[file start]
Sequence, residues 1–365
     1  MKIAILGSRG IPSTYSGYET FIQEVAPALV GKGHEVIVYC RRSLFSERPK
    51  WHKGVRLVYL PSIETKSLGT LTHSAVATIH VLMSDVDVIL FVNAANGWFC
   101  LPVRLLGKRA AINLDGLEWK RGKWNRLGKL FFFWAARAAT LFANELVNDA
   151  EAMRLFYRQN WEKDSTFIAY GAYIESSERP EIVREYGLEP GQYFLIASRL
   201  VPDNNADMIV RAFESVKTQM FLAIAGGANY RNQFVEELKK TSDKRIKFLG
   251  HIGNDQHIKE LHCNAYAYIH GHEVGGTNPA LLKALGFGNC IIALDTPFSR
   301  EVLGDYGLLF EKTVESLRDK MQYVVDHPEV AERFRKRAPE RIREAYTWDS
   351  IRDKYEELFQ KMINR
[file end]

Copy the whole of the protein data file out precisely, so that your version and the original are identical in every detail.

Sequence, residues 1–365
     1  MKIAILGSRG IPSTYSGYET FIQEVAPALV GKGHEVIVYC RRSLFSERPK
    51  WHKGVRLVYL PSIETKSLGT LTHSAVATIH VLMSDVDVIL FVNAANGWFC
   101  LPVRLLGKRA AINLDGLEWK RGKWNRLGKL FFFWAARAAT LFANELVNDA
   151  EAMRLFYRQN WEKDSTFIAY GAYIESSERP EIVREYGLEP GQYFLIASRL
   201  VPDNNADMIV RAFESVKTQM FLAIAGGANY RNQFVEELKK TSDKRIKFLG
   251  HIGNDQHIKE LHCNAYAYIH GHEVGGTNPA LLKALGFGNC IIALDTPFSR
   301  EVLGDYGLLF EKTVESLRDK MQYVVDHPEV AERFRKRAPE RIREAYTWDS
   351  IRDKYEELFQ KMINR